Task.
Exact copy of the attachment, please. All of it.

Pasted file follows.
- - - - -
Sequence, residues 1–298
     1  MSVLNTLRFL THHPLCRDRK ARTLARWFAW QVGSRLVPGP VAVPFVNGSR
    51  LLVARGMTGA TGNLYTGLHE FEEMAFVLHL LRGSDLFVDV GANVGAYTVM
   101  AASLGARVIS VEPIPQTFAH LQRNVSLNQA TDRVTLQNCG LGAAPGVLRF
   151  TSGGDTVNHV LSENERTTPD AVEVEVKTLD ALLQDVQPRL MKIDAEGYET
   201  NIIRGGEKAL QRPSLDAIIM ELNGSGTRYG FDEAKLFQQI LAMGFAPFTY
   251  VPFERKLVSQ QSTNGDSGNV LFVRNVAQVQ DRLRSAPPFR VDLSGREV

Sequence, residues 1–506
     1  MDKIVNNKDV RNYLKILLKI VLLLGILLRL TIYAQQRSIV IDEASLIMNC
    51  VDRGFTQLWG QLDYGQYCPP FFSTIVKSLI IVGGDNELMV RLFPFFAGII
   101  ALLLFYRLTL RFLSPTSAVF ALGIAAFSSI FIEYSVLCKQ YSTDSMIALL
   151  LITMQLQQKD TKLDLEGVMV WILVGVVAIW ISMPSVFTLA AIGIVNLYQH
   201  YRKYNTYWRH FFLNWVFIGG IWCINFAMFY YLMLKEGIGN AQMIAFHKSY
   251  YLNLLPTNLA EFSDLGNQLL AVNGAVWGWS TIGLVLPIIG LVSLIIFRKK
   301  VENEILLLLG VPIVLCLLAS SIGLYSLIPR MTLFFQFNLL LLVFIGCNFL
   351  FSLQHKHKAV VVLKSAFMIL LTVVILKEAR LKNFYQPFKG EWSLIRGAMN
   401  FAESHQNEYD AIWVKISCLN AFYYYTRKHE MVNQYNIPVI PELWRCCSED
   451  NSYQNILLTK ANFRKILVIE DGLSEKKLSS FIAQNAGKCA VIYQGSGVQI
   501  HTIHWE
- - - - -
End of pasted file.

Sequence, residues 1–298
     1  MSVLNTLRFL THHPLCRDRK ARTLARWFAW QVGSRLVPGP VAVPFVNGSR
    51  LLVARGMTGA TGNLYTGLHE FEEMAFVLHL LRGSDLFVDV GANVGAYTVM
   101  AASLGARVIS VEPIPQTFAH LQRNVSLNQA TDRVTLQNCG LGAAPGVLRF
   151  TSGGDTVNHV LSENERTTPD AVEVEVKTLD ALLQDVQPRL MKIDAEGYET
   201  NIIRGGEKAL QRPSLDAIIM ELNGSGTRYG FDEAKLFQQI LAMGFAPFTY
   251  VPFERKLVSQ QSTNGDSGNV LFVRNVAQVQ DRLRSAPPFR VDLSGREV

Sequence, residues 1–506
     1  MDKIVNNKDV RNYLKILLKI VLLLGILLRL TIYAQQRSIV IDEASLIMNC
    51  VDRGFTQLWG QLDYGQYCPP FFSTIVKSLI IVGGDNELMV RLFPFFAGII
   101  ALLLFYRLTL RFLSPTSAVF ALGIAAFSSI FIEYSVLCKQ YSTDSMIALL
   151  LITMQLQQKD TKLDLEGVMV WILVGVVAIW ISMPSVFTLA AIGIVNLYQH
   201  YRKYNTYWRH FFLNWVFIGG IWCINFAMFY YLMLKEGIGN AQMIAFHKSY
   251  YLNLLPTNLA EFSDLGNQLL AVNGAVWGWS TIGLVLPIIG LVSLIIFRKK
   301  VENEILLLLG VPIVLCLLAS SIGLYSLIPR MTLFFQFNLL LLVFIGCNFL
   351  FSLQHKHKAV VVLKSAFMIL LTVVILKEAR LKNFYQPFKG EWSLIRGAMN
   401  FAESHQNEYD AIWVKISCLN AFYYYTRKHE MVNQYNIPVI PELWRCCSED
   451  NSYQNILLTK ANFRKILVIE DGLSEKKLSS FIAQNAGKCA VIYQGSGVQI
   501  HTIHWE